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Author Branting, L. Karl
Source CiteSeerX
Content type Text
File Format PDF
Subject Domain (in DDC) Computer science, information & general works ♦ Data processing & computer science
Abstract This paper describes LCW, a procedure for learning customer preferences by observing customers' selections from return sets. An empirical evaluation on simulated customer behavior indicated that an uninformed hypothesis about customer weights leads to low ranking accuracy unless customers' place some importance on almost all features or the total number of features is quite small. In an evaluation on simulated customer behavior, LCW's estimate of the mean preferences of the customer population improved as the number of customers increased. This improvement in the estimate of mean customer preferences led to improved prediction of individual customer's rankings, irrespective of the extent of variation among customers and whether a single or multiple retrievals were permitted. The experimental results suggest that the return set that optimizes benefit may be smaller for customer populations with little variation than for customer populations with wide variation.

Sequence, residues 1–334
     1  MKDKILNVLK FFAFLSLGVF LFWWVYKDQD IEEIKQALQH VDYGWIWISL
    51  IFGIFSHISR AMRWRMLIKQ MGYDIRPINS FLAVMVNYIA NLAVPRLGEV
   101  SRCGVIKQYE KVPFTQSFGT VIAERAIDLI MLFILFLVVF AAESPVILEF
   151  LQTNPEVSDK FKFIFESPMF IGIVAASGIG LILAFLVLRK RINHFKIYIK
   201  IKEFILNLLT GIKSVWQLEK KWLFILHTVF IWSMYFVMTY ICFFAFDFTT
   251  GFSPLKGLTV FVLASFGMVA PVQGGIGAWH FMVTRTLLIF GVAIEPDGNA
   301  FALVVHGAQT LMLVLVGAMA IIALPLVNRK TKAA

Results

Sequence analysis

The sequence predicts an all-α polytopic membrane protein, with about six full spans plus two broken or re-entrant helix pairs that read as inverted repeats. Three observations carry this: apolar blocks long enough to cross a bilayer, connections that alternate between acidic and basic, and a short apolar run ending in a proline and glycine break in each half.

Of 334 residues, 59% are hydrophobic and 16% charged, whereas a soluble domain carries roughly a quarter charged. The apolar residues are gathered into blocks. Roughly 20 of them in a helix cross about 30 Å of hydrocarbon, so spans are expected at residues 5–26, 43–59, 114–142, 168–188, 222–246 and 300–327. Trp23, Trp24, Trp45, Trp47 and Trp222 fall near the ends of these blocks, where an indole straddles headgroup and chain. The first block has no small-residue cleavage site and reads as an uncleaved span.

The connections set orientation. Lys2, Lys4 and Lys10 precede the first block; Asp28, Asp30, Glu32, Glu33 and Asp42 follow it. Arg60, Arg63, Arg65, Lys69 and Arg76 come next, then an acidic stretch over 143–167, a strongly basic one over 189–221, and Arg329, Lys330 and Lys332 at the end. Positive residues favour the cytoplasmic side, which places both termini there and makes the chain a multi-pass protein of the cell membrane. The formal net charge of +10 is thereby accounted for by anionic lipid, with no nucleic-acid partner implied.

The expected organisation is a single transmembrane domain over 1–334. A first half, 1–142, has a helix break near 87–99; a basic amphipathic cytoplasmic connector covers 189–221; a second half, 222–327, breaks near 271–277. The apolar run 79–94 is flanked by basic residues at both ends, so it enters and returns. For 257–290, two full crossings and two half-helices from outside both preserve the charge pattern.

Educational Role Student ♦ Teacher
Age Range above 22 year
Educational Use Research
Education Level UG and PG ♦ Career/Technical Study
Learning Resource Type Article